The Extent of Our Predicament
When evangelists make getting a response their primary goal, they become salesmen who must conceal a truth of first importance: that the unregenerate can’t respond. Iain Murray writes:
Where ‘receiving Christ’ is made the first object in evangelism, then the primary concern may be to do nothing to hinder that result, nothing should be said to antagonize or to awaken resistance, so man’s impotence and helplessness, his being ‘dead in trespasses and sin; his condition as an individual who ‘is not subject to the law of God, neither indeed can be’—come to be related as truths likely to put off those who are to be won, for the same reason the wrath of God (a truth spoke of ten times in the Epistle to the Romans) is often considered to be a hindrance to the reception of the message.
The problem with this thinking is the assumption that somehow, after all, salvation is ultimately in the sinner’s own hands, and that nothing must be done to provoke his resistance. But such thinking is really to deny that man is in the condition that God has revealed. Either it is true or it is not, that ‘the natural person does not accept the things of the Spirit of God’ (1 Cor. 2:13). If it is true, then conversion does not come about by the preacher gaining the sinner’s acceptance of his message. Paul’s whole argument in the passage in 1 Corinthians, where he asserts the impossibility of the natural man receiving spiritual things, is that all men are offended by the preaching of the cross—‘a stumbling to Jews and folly to Gentiles.’ It is that fact that makes the intervention of divine grace and power essential: ‘Faith is not of your own doing; it is the gift of God’ (Eph. 2:8). Instead, then, of hiding their helplessness from men, and avoiding what might offend, the preacher needs to show the full extent of their predicament and their dependence on the mercy of God. The unregenerate are as unable before the invitations of the gospel as they are before the claims of the law, yet their lack of faith is no more to be excused than their disobedience to the law. Indeed unbelief heightens guilt (1 John 5:10).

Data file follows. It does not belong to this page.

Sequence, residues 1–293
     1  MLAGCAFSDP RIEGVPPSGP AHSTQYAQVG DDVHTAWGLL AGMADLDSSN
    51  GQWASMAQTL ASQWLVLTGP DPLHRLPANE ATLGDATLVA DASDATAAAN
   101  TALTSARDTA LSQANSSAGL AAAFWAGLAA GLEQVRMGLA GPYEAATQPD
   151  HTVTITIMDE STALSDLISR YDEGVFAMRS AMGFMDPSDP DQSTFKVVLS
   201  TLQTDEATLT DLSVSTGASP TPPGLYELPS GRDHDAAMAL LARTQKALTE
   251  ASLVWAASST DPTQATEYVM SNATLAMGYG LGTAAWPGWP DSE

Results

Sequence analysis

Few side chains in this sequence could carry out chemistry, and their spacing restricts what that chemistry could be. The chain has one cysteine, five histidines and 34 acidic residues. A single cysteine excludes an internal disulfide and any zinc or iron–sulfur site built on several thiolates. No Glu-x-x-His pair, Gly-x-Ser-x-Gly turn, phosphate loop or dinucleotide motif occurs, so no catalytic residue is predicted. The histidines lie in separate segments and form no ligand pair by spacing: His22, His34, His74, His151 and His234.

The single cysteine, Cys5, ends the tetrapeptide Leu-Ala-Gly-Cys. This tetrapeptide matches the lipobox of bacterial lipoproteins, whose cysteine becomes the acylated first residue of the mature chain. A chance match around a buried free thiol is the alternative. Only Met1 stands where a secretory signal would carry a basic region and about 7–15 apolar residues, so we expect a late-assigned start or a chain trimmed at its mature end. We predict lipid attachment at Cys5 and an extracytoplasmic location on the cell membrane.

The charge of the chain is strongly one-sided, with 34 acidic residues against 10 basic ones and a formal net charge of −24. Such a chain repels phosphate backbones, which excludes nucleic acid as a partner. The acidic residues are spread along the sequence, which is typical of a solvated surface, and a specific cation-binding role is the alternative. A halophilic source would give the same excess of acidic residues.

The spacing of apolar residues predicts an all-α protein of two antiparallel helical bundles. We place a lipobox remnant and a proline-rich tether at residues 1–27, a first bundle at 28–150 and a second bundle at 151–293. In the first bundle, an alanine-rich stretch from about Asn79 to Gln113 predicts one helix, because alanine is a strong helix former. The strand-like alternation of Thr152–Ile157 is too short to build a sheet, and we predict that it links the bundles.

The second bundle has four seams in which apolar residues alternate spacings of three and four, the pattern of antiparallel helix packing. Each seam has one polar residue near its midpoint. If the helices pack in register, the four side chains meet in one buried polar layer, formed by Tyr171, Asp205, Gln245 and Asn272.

—Iain Murray, The Old Evangelicalism (Banner of Truth, 2005)